Introduction to Adenovirus

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The year 1953 saw the isolation of adenovirus, which was soon recognized as an invaluable tool for investigating mammalian molecular biology. Several of the distinguishing features of adenovirus have made it the preferred vehicle for gene transfer and transgene expression in mammalian cells. The following presents a short overview covering the biology of adenovirus.

Adenoviruses are associated with a number of disorders, most of which are mild. The pathology is primarily from inflammation and loss of infected epithelial cells. Viruses of subgroup C (serotype 2, 5) cause various respiration infections in confined groups (elderly, military recruits and children).

Adenovirus is a non-enveloped, 80-110 nm diameter virus presenting icosahedral symmetry. Human adenoviruses contain a linear, double stranded DNA genome, with a terminal protein (TP) attached covalently to the 5 termini. The DNA, which has a length of approximately 36,000 bp, is wrapped in a histone-like protein and has inverted terminal repeats (ITRs) of 50-200 bp, which act as origins of replication.


The hexon, penton base, and knobbed fiber, are the most important capsid proteins for gene delivery. Hexon is the major protein forming the 20 triangular faces of the viral capsid. The 240 hexon capsomers in the capsid are trimers, each interacting with six other trimers. The 12 vertices are formed by the penton capsomere, a complex of five copies of the penton base, and three copies of fiber. Each penton capsomere interacts with five hexon capsomeres, one from each of the five faces that converge at the vertex. The knobbed fiber protrudes from the fiber base.

Figure 1: Adenovirus Morphology

Adsorption and entry into the cell

The adsorption of the virus to target cell receptors involves high-affinity binding via the knob portion of the fibre. The prime receptor for human adenovirus is identical to that for coxsackie B virus and has been named the coxsackie/adenovirus receptor (CAR). After the attachment step, interaction between the penton base and v integrins on the cell surface leads to internalisation of the virus through endocytosis. Once inside the cell, and with help from the penton base, the virus escapes the endosome and translocates to the nuclear pore complex, where the viral DNA is released into the nucleus and transcription begins. Transcription, replication and viral packaging take place in the nucleus of the infected cell.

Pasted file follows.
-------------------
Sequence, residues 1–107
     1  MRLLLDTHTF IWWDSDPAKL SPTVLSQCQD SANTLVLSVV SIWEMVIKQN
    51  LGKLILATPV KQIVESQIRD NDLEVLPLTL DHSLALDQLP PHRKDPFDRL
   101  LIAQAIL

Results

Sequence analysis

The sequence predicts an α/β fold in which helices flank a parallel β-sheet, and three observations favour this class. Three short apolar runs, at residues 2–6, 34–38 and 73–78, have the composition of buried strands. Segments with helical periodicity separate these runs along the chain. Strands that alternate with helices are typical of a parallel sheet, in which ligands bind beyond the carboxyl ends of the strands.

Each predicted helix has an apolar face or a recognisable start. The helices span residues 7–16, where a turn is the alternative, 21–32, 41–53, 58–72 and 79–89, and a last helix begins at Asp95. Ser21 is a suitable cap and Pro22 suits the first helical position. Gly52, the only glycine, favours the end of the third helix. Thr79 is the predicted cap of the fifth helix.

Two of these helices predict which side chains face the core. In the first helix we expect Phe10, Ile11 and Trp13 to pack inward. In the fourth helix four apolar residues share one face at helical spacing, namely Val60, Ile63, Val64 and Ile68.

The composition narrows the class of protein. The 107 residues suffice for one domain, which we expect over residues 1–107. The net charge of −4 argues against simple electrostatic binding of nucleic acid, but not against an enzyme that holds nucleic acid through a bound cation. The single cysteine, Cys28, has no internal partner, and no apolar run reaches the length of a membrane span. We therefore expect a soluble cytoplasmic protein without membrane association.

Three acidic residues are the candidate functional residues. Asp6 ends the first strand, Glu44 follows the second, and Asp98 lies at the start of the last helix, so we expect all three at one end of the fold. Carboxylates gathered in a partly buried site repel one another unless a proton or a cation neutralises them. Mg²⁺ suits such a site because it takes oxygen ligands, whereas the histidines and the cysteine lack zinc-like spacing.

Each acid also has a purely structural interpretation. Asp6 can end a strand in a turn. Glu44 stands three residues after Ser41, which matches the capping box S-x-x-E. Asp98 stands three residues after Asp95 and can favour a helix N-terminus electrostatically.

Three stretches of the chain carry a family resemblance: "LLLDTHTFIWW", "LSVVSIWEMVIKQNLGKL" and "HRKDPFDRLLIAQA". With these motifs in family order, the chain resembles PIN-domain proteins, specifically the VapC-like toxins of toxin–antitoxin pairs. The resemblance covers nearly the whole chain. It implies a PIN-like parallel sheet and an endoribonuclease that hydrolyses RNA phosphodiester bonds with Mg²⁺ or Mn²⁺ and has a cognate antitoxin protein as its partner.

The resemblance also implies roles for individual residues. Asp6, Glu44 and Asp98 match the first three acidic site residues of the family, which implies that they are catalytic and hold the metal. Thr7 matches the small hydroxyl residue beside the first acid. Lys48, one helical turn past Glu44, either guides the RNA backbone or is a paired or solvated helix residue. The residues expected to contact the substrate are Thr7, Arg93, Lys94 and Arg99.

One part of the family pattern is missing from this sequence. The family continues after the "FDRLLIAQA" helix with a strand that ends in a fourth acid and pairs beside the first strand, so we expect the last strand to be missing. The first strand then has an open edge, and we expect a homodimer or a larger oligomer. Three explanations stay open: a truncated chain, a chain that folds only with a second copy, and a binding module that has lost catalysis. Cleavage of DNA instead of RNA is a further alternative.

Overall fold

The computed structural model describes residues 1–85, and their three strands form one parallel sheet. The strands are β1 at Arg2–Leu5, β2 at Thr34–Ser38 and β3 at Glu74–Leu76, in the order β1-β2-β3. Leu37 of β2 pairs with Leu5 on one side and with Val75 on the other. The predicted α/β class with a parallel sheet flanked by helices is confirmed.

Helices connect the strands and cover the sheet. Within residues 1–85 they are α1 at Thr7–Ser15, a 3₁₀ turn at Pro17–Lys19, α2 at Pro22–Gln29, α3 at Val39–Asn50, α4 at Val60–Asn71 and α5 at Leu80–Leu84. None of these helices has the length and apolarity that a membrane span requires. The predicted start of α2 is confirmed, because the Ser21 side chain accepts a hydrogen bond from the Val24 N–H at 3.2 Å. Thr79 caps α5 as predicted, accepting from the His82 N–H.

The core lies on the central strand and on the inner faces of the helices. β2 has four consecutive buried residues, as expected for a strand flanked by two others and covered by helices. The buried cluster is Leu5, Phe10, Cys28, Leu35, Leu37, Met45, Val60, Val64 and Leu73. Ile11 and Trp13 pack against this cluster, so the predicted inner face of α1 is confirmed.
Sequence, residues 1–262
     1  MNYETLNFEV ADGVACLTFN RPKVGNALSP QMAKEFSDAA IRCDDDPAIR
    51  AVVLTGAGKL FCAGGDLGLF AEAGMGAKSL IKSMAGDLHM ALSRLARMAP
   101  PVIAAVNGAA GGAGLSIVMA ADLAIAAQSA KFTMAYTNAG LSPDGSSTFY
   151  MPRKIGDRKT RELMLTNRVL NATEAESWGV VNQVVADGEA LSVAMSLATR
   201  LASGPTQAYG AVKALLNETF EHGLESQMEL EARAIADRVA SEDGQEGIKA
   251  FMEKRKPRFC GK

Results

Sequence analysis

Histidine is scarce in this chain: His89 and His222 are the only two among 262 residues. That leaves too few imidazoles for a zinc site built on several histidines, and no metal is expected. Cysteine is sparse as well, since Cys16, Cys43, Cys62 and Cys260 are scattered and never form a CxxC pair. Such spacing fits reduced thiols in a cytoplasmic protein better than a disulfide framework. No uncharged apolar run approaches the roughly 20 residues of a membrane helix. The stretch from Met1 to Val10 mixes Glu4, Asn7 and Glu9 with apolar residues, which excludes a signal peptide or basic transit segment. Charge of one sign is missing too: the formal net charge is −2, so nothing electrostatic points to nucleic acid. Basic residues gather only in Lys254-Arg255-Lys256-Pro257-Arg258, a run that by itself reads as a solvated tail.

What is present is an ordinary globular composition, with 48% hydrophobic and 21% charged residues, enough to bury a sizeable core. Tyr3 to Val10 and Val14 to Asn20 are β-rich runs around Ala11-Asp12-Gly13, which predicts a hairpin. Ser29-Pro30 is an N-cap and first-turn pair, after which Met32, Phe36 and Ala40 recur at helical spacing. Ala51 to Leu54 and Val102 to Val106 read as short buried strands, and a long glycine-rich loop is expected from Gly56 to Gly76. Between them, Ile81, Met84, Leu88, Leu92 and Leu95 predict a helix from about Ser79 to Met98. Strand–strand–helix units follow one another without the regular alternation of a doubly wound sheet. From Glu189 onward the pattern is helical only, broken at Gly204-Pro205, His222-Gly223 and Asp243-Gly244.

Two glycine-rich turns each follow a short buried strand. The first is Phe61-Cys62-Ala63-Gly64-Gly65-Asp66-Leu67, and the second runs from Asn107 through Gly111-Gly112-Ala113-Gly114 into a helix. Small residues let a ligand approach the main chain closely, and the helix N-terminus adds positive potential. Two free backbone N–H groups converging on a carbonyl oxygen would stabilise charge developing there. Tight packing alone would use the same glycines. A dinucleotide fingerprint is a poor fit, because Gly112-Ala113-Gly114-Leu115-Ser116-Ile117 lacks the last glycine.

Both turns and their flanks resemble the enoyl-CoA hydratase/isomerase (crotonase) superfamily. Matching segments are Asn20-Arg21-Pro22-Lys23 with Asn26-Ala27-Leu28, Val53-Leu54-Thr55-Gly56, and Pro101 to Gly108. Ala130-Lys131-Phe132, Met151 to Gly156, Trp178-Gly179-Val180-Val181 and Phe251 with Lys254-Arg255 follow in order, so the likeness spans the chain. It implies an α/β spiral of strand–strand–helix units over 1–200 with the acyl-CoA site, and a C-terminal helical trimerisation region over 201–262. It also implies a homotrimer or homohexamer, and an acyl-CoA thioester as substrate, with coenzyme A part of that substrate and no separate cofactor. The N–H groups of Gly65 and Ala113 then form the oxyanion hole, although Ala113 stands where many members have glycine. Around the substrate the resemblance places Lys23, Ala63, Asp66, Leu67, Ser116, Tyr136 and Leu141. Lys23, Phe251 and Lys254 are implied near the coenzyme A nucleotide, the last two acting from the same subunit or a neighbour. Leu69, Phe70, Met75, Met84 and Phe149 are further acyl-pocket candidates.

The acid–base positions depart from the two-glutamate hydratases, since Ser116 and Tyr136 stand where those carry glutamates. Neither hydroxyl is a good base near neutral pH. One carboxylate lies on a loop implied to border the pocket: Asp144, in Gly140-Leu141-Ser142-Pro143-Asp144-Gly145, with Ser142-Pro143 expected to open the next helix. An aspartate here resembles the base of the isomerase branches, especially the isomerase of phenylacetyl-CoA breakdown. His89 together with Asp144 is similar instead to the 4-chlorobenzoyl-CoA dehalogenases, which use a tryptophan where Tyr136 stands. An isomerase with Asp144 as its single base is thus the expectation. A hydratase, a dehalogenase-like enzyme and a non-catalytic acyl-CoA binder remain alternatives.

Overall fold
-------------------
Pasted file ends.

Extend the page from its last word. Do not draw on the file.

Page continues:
Figure 2. Infection process of adenovirus


A complex series of splicing accompanies transcription, and genes are transcribed from both strands. Adenovirus transcription is a two-phase event, early and late, occurring before and after viral DNA replication, respectively. The early transcribed regions are E1, E2, E3 and E4. The E1 gene products can be further subdivided into E1A and E1B. E1 gene products are involved in the replication of the virus. To insure replication deficiency of the virus used as gene delivery tool, and therefore to prevent cell lysis, first generation recombinant adenoviruses are E1 deleted. Once packaged into a complementing cell line, i.e. a cell line that provides the E1 products in trans (e.g. QBI-HEK 293A Cells), viral replication will be enabled.

Figure 3. Transcription of the adenovirus genome

The E2 region is subdivided into E2A and E2B. These proteins provide the machinery for viral DNA replication and the ensuing transcription of late genes.

Most of the E3 proteins are involved in modulating the immune response of infected cells, a function not essential for viral growth in vitro. Therefore, in addition to being E1 deleted, the first generation adenoviruses are most often E3 deleted (E1/E3).

The gene products encoded by the E4 region (called ORFs 1-6/7) are involved in the metabolism of virus messenger RNA and provide functions that promote virus DNA replication and shut-off of host protein synthesis. Furthermore, E4 products prevent viral DNA concatenation.

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